THE GISELA GRAHAM FOUNDATION :
DEDICATED TO MAKING LIVES BETTER SINCE 2014
With her decorative products, Gisela Graham has been contributing since the 1980’s to the gaiety of nations, and her company has become internationally famous. Her success enabled her in 2014 to set up a Foundation, supported by the profits from her Company. Its aims: to bring hope and help to those in need, and to contribute to the arts for the benefit of all.
HOW WE WORK
We aim to help charities to help others. Instead of undertaking charity work ourselves we offer grants , bursaries and other types of contribution to charities, volunteer groups and organisations concerned with causes we care about.
What We Care About
Our foundation has a clear set of goals and a list of the causes that we care about:
- Further advancement of public health and safety through the research and treatment of chronic illnesses and conditions.
- Alleviate poverty and deprivation amongst children in less developed countries through care, education, and family support.
- Assist the aims of enterprising young and unemployed requiring start-up funds.
- Promote causes supporting young homeless people seeking to achieve self sufficiency.
- To promote and support the benefit of adults with learning disabilities, and contribute towards the provision of property for the accommodation of such adults.
- To support charities and other organisations concerned with safety at sea, including those actively involved with youth training.
- Assist organisations concerned with the propagation of the plastic and performing arts, and in particular concerned with training and equipping young performers and artists.
If you think that the Gisela Graham foundation could help you, please get in touch. You can email us, or write to us at:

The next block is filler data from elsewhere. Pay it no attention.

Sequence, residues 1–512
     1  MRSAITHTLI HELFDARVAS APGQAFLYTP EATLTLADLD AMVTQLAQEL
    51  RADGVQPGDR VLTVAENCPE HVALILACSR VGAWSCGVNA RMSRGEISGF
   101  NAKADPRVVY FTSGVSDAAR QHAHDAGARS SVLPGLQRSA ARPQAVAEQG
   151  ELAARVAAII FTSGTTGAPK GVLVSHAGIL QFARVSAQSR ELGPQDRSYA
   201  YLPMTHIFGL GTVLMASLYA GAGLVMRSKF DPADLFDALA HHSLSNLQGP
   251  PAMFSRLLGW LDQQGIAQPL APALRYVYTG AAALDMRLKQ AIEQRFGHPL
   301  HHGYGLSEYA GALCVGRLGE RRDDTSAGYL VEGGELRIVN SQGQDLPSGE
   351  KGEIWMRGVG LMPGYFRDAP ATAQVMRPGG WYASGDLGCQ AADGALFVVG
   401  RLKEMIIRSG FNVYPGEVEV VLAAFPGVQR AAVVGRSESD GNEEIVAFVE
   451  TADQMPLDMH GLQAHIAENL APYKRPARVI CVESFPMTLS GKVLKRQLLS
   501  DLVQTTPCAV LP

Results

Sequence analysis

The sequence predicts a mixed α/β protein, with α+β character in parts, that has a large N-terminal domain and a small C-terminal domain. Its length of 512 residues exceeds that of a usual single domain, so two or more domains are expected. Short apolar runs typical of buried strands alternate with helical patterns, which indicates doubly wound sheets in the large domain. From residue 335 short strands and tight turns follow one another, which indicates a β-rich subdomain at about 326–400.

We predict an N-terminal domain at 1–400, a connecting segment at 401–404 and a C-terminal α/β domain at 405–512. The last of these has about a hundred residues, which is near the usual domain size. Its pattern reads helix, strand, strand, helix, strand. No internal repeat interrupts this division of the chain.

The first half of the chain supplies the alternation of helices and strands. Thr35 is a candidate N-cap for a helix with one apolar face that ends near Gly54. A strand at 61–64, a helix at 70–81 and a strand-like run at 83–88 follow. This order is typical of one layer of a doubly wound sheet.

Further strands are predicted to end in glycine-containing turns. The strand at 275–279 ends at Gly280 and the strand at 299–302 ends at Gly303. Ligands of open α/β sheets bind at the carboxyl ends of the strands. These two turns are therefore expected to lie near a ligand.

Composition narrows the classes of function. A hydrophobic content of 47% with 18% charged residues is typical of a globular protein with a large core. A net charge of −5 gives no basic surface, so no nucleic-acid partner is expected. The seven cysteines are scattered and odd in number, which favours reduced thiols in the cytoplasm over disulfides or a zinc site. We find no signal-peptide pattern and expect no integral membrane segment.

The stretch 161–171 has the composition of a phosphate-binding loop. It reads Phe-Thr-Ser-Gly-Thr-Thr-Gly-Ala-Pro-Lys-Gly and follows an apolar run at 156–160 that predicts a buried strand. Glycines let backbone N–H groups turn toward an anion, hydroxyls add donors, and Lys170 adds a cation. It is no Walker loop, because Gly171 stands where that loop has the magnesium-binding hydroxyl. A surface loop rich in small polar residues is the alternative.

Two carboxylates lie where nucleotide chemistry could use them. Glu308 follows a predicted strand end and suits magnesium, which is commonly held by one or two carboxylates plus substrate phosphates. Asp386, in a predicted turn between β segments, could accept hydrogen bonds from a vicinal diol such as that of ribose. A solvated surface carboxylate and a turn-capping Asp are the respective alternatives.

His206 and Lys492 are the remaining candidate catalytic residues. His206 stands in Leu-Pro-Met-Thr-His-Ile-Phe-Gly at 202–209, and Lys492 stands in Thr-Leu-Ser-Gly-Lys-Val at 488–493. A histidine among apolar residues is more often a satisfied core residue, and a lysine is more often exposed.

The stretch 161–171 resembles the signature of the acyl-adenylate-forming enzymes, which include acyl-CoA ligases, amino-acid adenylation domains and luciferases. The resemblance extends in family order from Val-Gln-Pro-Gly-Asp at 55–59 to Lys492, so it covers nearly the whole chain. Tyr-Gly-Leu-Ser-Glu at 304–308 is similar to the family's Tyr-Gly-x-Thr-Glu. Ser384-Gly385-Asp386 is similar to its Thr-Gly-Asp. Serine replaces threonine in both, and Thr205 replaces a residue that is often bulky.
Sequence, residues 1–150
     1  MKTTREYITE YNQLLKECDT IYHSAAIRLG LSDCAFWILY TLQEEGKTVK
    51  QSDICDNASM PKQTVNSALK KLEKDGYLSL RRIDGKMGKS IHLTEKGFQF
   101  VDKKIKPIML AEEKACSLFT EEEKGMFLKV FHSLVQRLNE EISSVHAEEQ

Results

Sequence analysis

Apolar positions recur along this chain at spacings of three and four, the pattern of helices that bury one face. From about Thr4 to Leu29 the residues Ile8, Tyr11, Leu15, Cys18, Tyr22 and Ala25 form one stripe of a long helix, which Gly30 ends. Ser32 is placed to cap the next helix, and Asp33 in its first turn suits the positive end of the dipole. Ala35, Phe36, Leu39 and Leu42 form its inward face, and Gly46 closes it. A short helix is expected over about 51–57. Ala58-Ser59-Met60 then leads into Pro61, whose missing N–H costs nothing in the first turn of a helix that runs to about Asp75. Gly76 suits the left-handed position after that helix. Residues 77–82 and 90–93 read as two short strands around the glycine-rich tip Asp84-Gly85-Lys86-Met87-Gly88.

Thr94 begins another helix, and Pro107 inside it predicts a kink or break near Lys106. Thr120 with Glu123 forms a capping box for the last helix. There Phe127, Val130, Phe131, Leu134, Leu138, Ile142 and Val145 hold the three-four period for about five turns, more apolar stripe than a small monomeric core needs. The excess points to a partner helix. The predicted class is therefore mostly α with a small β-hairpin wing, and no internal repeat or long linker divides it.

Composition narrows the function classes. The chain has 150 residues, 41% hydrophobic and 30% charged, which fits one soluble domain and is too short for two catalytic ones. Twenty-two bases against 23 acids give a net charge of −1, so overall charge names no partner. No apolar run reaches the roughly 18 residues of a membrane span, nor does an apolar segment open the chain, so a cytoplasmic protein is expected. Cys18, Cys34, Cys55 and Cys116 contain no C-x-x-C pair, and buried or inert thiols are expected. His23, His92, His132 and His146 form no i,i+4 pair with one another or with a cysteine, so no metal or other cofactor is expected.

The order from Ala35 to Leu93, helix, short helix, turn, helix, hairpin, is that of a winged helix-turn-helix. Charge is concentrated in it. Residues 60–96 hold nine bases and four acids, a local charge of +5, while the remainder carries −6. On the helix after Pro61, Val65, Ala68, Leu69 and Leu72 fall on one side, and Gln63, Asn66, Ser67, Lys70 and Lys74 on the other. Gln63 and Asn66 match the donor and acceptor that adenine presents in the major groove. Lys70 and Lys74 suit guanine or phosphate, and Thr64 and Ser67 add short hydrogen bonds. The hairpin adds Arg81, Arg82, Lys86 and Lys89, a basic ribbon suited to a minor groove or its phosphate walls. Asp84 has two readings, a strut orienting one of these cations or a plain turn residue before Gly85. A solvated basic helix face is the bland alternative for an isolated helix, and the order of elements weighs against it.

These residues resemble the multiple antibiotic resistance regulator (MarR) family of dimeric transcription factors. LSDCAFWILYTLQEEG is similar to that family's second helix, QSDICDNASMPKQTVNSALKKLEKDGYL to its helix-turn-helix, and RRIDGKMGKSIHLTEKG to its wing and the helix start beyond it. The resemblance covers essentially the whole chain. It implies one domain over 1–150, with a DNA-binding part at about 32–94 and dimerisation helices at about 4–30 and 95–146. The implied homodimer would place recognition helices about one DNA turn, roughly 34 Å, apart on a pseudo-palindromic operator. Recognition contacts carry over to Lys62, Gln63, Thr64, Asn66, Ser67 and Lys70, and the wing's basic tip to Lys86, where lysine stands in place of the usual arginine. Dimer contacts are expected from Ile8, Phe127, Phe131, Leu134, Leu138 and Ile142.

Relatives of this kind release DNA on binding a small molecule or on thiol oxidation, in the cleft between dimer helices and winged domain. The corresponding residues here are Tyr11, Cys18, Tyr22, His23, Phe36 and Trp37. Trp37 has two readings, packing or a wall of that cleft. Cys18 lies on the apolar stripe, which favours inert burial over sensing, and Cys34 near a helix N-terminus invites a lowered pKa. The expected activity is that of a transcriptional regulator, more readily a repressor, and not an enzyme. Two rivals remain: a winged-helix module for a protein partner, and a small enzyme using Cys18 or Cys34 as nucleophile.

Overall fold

The Gisela Graham Foundation.
2 Paxton Road,
OUR PREVIOUS WORK
Since we began we’ve worked with many inspiring and organisations. Here are some examples of how our contributions have been helping to improve lives.
The Child Brain Injury Trust
When a child suffers a brain injury, the air ambulance is there within minutes. The hospital is there to provide clinical support immediately after. Then, perhaps a local charity provides physical rehabilitation. But, who is there for these families when they are discharged from hospital and beyond? The Child Brain Injury Trust. They pride themselves on being the ‘unsung heroes’ and are there when nobody else can help.
The Child Brain Injury Trust supports children/young people aged 0-24 with an acquired brain injury (an injury occurring after birth) through a range of services from their head office and in communities all over the UK. They work within hospitals, schools and families’ homes, provide publications, family events, a helpline and online training for family members.
They are the only UK charity to provide long-term support to any child with an acquired brain injury no matter how mild their injury or how it was caused from the moment of injury in hospital, throughout their rehabilitation, education, and until they turn 24.
The Shannon Trust – Unlocking the Power of Reading
Shannon Trust supports and inspires prisoners who can read to teach prisoners who can’t. With a vision of every prisoner a reader, we want people to leave prison equipped to thrive in the community. Learning to read unlocks crucial life skills and opens up a world of opportunities to connect, engage and take part in everyday life. Each year, thousands of prisoners start learning to read with the Shannon Trust Reading Plan using Turning Pages, a reading programme developed for adults learning to read.
“For 49 years I couldn’t read. Now I’m reading letters from my children.”
Local volunteers train prisoners to be mentors to their peers and provide ongoing guidance and advice alongside staff in each prison. By unlocking the power of reading, we enable prisoners to develop vital life skills that support them to reach their full potential. Learners grow in confidence, improve their communication skill and are more likely to go on to further education and training. Being able to read increases the chances of gaining employment when someone leaves prison. It also helps them stay in touch with family and friends, a key factor in stopping people reoffending.
“If you can’t read, you can’t get nowhere in life…I don’t want to be like that, I want to do something with my life now… I want to change for the better…This is a step in the door.”
For more information about Shannon Trust visit our website: www.shannontrust.org.uk
You will also find us on
More About The Foundation
- Mr Richard Graham (Chairman)
- Mr Paul Boys
- Mr Piers Croke
- Mr Richard Bailey
- Mr Andreas Graham
- Sir David Chapman
The Gisela Graham Foundation is a charity registered in the UK. Our Charity number is: 1153514
For further information, click here to visit our microsite.